Apple is about to ghost the iPhone 4. According to a report from Japanese site Mac Otakara—on October 31, Apple will likely place all models of the iPhone 4 on its list of vintage or obsolete devices. Of course, that’s also Halloween, which feels like a fitting day for Apple to banish the iPhone 4 into repair oblivion.
If you’re still holding on to your iPhone 4, that means you won’t be able to get your phone serviced by Apple or an authorized service provider come November. Mac Otakara also expects the late 2010 13-inch MacBook Air, the third-generation AirPort Extreme and the mid 2009 AirPort Time Capsule to join the iPhone 4 on Apple’s vintage/obsolete list by the end of October.
In case you were wondering, Apple classifies products as “vintage” when they are 5 to 7 years out of manufacture. Devices classified as obsolete are more than 7 years old. (Apple first released the iPhone 4 in 2010—so it’s getting up there in electronic dog years. The CDMA models of the iPhone 4, released in early 2011, were put on the vintage list last month.) Apple discontinues hardware support for both vintage and obsolete devices—unless you live in Turkey or California, which have laws requiring manufacturers to support products for a longer period of time.
According to a report from MixPanel, about 1.2% of iPhone users are still steadfastly rocking their iPhone 4. And while that might not seem like a ton of people—it adds up. Last year, Consumer Intelligence Research Partners reported that there were more than 100 million iPhones in use. Which means at least 1 million iPhone 4 owners will soon be left in the repair cold by Apple.
If that’s you, and you’ve decided you’ll use your iPhone 4 until Apple pries it out of your cold, dead fingers—take heart! If you break your phone or find yourself in need of a new iPhone 4 battery, iFixit still has your back. We’ve got all the iPhone 4 parts you need to get your vintage handset back on its feet again. After all, I’ve been assured by people on the Internet that vintage is very in this season. (We’ve got plenty of parts for the 2010 13-inch MacBook Air, too.)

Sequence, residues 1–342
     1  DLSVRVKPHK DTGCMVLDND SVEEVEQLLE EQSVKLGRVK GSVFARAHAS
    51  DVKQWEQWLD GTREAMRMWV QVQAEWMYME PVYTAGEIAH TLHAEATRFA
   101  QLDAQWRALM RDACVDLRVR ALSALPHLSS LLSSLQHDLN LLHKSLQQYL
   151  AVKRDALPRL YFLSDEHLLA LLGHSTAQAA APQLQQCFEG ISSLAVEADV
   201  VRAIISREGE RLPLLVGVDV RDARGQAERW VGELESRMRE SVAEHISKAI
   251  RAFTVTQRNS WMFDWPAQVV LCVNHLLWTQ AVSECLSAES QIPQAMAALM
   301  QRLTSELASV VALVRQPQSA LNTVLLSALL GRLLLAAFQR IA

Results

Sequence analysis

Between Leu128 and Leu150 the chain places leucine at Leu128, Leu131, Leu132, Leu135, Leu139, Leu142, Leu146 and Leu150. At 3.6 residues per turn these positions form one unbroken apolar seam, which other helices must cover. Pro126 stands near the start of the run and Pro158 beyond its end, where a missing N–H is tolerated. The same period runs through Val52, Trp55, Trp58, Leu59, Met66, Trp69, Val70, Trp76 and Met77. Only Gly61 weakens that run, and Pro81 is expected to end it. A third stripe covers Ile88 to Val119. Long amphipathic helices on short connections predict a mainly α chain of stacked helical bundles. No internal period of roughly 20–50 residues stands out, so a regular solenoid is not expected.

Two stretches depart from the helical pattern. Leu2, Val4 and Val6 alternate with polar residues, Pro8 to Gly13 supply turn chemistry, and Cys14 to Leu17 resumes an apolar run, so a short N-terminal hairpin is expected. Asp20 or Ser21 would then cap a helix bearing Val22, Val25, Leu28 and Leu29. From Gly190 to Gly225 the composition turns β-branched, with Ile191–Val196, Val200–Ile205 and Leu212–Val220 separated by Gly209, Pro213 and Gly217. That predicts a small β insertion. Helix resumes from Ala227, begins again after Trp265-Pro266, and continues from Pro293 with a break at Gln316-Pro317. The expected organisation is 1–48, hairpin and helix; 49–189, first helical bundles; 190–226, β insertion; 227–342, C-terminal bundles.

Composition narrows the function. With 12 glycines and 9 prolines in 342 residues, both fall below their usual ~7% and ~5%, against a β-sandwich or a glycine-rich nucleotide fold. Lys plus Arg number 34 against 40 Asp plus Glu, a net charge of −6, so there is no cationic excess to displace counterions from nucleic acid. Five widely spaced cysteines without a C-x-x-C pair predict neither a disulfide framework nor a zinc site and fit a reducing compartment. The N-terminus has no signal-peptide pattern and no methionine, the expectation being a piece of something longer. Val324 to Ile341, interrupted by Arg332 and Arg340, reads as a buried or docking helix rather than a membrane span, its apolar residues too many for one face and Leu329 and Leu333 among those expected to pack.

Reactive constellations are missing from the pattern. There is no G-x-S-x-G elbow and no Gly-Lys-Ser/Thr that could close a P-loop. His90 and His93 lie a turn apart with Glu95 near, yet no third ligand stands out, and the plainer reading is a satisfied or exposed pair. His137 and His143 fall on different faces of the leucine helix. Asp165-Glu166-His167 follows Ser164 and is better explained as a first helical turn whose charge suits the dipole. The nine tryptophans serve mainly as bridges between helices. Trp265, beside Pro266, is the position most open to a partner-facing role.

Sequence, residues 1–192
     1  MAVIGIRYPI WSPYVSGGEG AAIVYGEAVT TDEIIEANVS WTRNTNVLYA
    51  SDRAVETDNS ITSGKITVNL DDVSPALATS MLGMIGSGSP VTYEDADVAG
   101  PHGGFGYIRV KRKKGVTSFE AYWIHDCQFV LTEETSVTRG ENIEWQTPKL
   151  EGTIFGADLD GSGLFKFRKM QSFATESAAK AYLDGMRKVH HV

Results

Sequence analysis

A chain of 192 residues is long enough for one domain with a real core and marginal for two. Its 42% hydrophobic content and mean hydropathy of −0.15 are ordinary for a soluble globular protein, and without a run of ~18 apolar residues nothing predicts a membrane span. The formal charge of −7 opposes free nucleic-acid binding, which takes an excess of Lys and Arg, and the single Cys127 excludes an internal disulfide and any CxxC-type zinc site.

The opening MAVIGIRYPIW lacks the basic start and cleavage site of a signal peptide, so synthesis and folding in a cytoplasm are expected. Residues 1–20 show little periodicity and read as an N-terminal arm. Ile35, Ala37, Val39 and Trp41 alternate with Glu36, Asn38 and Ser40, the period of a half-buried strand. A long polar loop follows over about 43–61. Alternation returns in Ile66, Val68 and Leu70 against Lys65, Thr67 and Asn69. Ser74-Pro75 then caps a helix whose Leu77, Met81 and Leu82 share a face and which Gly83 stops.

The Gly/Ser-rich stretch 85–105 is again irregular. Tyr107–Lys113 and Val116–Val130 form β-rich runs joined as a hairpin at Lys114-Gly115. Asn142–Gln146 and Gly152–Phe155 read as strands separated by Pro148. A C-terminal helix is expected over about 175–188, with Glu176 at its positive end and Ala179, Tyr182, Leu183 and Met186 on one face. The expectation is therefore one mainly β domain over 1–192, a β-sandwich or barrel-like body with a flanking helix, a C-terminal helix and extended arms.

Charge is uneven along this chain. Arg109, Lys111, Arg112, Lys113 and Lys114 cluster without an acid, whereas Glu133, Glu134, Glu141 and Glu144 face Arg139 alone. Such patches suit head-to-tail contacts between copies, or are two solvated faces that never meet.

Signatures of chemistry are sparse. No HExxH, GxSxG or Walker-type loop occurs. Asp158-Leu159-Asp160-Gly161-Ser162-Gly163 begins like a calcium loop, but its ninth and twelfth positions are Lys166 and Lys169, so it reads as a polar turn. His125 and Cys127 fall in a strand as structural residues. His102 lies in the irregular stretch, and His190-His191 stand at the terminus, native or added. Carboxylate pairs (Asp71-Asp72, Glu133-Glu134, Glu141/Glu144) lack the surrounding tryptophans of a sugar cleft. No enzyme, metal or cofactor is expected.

Your iPhone 4 won’t hold a charge? Replace the battery! Luckily, replacing the battery on the iPhone 4 requires minimal disassembly.
By the way, if you’ve already upgraded to a newer phone, but still want to find a use for your old iPhone, here’s some iFixit-approved ways to repurpose it:
Use it as a media player.
Thinking about grabbing a new iPod? You don’t need one. Your old iPhone 4 can double as a dedicated music player. Leave it in your car and rock out to some sweet 90s ballads on road trips. Or strap it to your arm for workouts. Added bonus: you won’t feel as nervous taking your iPhone 4 out for sweaty run as you would your everyday workhorse phone.
Give it to your kid.
Old phones make great starter phones for kids that are old enough to supervise themselves, but just clumsy enough to not be trusted with electronics near toilets. That old iPhone 4 won’t be fast on the web. And it’ll be seriously limited in its app selections. But it will still be able to handle calls and texts—which makes it a decent electronic tether for your impossible tween.
Find a new home for it.
Just because you’re done with your phone doesn’t mean that someone else might not want it—especially if it’s still in good shape. Put that phone on eBay and make a quick buck off of it. Or send it off to a donation program. You can give your old cell phones to soldiers. Or to domestic abuse shelters. Or to seniors. (Just remember to erase all your data and turn off Activation Lock before you sell or donate your iPhone.) Secondary markets means your phone stays in use, which means less waste.
Tinker with it.
Want to mod your phone—but don’t want to experiment with something too expensive? Frankenstein your freshly obsolete iPhone 4. Do some software modifications: Jailbreak your phone and install a different operating system. Unlock your phone and make unfettered calls overseas. Mod the case. Put a transparent panel on the back. Take your iPhone apart and put it back together again. Make that phone your own and play around outside Apple’s walled hardware and software garden … you just might like it out there.
If you’re certain you’re done with your iPhone 4, just don’t throw it away. E-waste is a real problem and it’s bad. And don’t leave your old iPhone in a drawer. There are literally millions of phones sitting idle in junk drawers all over the world. Do something good with that old iPhone 4. Reuse it, repair it, or recycle it responsibly.
If you’ve got more ways to repurpose your “obsolete” device, tell us about them in the comments.